Perturbed members of the House Ways and Means Committee peppered representatives of the Reagan administration yesterday with a simple question: Why does the government want to sell Conrail when the transaction apparently would lose money for the government?

Officials from the Treasury and Transportation departments denied that the sale of the railroad, proposed by Transportation Secretary Elizabeth Hanford Dole last March, is a loser. They said terminating other Conrail-related costs to the government would offset the fact that the revenue-losing tax benefits to the purchaser, Norfolk Southern Corp., seem to be greater than the purchase price of $1.2 billion.

Ways and Means, as well as the House Energy and Commerce Committee, must approve the sale. Questions from the relatively few members present made it appear that approval could be hard to win.

"What I'm interested in is whether we're selling an asset that earns money for the United States, at zero cost," said Rep. Byron L. Dorgan (D-N.D.).

Committee Chairman Dan Rostenkowski (D-Ill.) said the committee would be wary about approving the sale until the administration submitted "more definite numbers."

Rep. James J. Florio (D-N.J.), chairman of the Energy and Commerce subcommittee that has jurisdiction over Conrail, told the committee "the effect of the transaction is that taxpayers will be paying to give away the railroad."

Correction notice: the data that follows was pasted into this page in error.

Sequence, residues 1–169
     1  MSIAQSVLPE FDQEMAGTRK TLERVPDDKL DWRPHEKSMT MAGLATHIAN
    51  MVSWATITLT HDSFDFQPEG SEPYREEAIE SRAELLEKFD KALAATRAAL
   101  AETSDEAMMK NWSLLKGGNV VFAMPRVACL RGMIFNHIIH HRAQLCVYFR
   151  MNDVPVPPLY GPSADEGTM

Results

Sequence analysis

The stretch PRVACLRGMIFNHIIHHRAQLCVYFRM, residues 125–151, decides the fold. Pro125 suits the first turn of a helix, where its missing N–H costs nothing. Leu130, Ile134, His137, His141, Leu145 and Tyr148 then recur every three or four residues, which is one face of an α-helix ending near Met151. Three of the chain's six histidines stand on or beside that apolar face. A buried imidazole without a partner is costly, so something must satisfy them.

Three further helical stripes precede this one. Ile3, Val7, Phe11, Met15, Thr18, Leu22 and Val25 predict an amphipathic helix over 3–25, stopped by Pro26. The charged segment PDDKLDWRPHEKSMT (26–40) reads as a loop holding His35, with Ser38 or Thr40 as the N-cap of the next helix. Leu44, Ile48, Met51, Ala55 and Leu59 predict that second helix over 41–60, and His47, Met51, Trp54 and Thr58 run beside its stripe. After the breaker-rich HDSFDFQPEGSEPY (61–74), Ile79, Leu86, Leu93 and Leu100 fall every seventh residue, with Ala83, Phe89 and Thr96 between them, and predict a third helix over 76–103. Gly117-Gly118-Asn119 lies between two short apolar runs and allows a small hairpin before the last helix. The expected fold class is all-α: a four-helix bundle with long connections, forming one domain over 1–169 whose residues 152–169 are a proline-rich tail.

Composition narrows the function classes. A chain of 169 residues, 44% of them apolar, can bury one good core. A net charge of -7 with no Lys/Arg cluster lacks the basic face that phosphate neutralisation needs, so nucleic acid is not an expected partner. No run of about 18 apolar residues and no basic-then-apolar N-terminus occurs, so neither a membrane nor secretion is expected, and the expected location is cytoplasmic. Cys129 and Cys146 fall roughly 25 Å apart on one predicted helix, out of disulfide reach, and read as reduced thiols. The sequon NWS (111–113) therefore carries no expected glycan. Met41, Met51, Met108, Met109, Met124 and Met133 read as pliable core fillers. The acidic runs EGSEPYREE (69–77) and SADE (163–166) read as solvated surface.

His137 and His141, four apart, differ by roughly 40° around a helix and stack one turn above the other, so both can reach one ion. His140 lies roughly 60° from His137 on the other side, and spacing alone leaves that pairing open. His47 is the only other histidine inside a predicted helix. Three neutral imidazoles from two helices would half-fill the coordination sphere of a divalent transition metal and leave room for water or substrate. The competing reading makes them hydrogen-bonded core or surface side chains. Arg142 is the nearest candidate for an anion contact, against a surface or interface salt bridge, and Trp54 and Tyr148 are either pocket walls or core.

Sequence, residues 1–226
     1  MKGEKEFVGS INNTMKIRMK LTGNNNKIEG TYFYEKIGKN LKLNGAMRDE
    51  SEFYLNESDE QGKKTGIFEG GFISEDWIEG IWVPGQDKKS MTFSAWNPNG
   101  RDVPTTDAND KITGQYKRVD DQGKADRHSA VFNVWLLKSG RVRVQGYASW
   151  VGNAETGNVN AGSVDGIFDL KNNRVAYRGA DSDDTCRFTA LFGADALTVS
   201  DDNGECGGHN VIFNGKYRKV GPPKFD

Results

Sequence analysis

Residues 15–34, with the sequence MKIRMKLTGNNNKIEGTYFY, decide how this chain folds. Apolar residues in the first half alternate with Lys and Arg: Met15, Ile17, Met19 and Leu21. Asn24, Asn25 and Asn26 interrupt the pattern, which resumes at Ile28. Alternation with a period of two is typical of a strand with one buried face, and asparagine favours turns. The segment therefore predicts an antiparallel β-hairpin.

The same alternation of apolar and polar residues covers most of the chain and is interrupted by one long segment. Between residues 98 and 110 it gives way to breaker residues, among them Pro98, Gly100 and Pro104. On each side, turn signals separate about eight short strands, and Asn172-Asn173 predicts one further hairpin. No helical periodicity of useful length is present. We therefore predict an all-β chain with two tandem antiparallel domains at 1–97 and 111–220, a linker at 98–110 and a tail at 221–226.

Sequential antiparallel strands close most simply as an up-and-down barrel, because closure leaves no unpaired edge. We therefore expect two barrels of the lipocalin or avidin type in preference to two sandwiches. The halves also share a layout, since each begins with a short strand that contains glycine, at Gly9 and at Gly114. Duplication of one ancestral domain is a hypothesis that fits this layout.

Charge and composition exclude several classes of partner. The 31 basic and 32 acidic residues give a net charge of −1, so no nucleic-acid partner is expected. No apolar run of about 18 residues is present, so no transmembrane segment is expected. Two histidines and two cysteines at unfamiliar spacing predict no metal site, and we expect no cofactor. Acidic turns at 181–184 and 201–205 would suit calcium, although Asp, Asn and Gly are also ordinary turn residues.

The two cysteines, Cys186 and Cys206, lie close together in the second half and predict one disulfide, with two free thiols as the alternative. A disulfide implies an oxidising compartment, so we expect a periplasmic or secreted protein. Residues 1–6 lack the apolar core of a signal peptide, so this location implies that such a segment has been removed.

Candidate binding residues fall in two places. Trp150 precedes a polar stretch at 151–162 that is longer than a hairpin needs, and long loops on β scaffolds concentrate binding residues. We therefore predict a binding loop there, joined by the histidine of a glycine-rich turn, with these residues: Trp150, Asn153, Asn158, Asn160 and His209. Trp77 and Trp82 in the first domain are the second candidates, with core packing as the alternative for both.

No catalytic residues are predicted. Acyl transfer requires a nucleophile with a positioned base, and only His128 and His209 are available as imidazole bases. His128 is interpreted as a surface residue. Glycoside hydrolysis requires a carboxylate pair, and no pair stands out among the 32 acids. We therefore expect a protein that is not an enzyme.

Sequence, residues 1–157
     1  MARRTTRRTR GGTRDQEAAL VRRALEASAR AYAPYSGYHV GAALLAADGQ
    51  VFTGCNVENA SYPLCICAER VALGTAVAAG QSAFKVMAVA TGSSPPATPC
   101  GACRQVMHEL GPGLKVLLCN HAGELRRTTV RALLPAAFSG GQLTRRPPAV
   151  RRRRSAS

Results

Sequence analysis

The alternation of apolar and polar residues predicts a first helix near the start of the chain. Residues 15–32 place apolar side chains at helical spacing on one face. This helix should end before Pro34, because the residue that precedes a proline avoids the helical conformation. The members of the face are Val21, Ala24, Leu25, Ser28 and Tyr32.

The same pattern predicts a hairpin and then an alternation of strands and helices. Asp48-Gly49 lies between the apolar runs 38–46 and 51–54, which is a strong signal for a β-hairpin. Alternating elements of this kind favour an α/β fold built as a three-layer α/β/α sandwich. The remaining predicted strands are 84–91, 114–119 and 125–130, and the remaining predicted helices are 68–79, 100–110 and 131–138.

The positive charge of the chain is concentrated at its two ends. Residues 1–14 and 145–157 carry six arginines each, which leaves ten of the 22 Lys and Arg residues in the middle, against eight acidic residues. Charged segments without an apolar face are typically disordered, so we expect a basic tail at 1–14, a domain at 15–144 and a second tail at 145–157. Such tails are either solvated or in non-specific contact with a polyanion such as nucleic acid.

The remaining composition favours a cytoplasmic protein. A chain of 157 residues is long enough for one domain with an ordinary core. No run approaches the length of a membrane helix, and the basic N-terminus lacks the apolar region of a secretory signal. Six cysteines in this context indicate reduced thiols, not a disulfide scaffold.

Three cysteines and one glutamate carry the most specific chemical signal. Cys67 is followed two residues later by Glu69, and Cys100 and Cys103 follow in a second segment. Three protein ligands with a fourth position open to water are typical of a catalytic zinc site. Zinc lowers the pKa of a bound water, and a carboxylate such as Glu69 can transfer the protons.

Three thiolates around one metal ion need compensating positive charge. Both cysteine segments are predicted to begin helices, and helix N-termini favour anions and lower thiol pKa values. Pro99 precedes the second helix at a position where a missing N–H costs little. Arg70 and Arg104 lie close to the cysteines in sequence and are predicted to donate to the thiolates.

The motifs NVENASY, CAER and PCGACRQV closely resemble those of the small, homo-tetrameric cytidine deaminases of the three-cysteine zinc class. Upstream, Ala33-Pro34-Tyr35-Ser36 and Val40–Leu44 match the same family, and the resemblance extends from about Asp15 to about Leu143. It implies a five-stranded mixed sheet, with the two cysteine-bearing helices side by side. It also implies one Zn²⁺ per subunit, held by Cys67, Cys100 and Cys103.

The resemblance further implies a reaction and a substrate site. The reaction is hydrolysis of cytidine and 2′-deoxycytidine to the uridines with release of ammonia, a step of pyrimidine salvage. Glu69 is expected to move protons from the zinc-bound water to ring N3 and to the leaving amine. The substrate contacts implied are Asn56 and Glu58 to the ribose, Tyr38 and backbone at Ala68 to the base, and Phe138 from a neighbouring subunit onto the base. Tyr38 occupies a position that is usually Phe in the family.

Federal Railroad Administrator John H. Riley replied that, although the government couldn't provide hard figures of the revenue effect of the sale, "of all the options the government has, including keeping it, this is the highest net." He pointed out that Conrail, the quasi-government entity formed from the bankrupt Penn Central in 1976, lost money for years until it finally turned a profit in 1983.

Norfolk Southern has agreed to give up two significant tax breaks, use of the investment tax credit and a provision that permits operating losses to be applied years after they occur. Those both would have been available to it if this were a private purchase.

But it will be able to depreciate -- write off over a period of years -- Conrail's assets to the tune of $3.1 billion. However, Treasury official Dennis Ross said the administration would accept limiting that depreciation basis to the actual value of the property if it turns out to be smaller than the tax basis.